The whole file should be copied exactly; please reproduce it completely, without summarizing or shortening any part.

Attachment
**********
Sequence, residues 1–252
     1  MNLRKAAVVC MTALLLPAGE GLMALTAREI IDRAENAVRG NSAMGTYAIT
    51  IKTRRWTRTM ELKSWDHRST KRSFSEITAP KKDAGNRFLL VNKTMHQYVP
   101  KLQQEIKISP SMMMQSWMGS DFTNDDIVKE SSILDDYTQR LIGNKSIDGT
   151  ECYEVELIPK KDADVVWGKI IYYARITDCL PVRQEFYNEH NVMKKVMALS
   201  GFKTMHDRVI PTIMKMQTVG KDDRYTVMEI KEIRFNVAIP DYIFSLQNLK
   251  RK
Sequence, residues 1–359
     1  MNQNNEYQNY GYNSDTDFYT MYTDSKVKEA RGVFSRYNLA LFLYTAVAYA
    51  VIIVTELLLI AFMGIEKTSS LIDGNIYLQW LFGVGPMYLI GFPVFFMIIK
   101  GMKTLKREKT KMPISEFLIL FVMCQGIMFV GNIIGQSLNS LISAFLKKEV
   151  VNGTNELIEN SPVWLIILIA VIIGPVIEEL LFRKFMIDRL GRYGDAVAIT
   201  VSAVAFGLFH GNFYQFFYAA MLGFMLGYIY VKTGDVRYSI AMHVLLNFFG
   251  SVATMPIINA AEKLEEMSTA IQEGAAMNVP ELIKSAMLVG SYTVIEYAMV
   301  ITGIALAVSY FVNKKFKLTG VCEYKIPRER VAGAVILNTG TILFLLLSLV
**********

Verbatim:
Sequence, residues 1–252
     1  MNLRKAAVVC MTALLLPAGE GLMALTAREI IDRAENAVRG NSAMGTYAIT
    51  IKTRRWTRTM ELKSWDHRST KRSFSEITAP KKDAGNRFLL VNKTMHQYVP
   101  KLQQEIKISP SMMMQSWMGS DFTNDDIVKE SSILDDYTQR LIGNKSIDGT
   151  ECYEVELIPK KDADVVWGKI IYYARITDCL PVRQEFYNEH NVMKKVMALS
   201  GFKTMHDRVI PTIMKMQTVG KDDRYTVMEI KEIRFNVAIP DYIFSLQNLK
   251  RK
Sequence, residues 1–359
     1  MNQNNEYQNY GYNSDTDFYT MYTDSKVKEA RGVFSRYNLA LFLYTAVAYA
    51  VIIVTELLLI AFMGIEKTSS LIDGNIYLQW LFGVGPMYLI GFPVFFMIIK
   101  GMKTLKREKT KMPISEFLIL FVMCQGIMFV GNIIGQSLNS LISAFLKKEV
   151  VNGTNELIEN SPVWLIILIA VIIGPVIEEL LFRKFMIDRL GRYGDAVAIT
   201  VSAVAFGLFH GNFYQFFYAA MLGFMLGYIY VKTGDVRYSI AMHVLLNFFG
   251  SVATMPIINA AEKLEEMSTA IQEGAAMNVP ELIKSAMLVG SYTVIEYAMV
   301  ITGIALAVSY FVNKKFKLTG VCEYKIPRER VAGAVILNTG TILFLLLSLV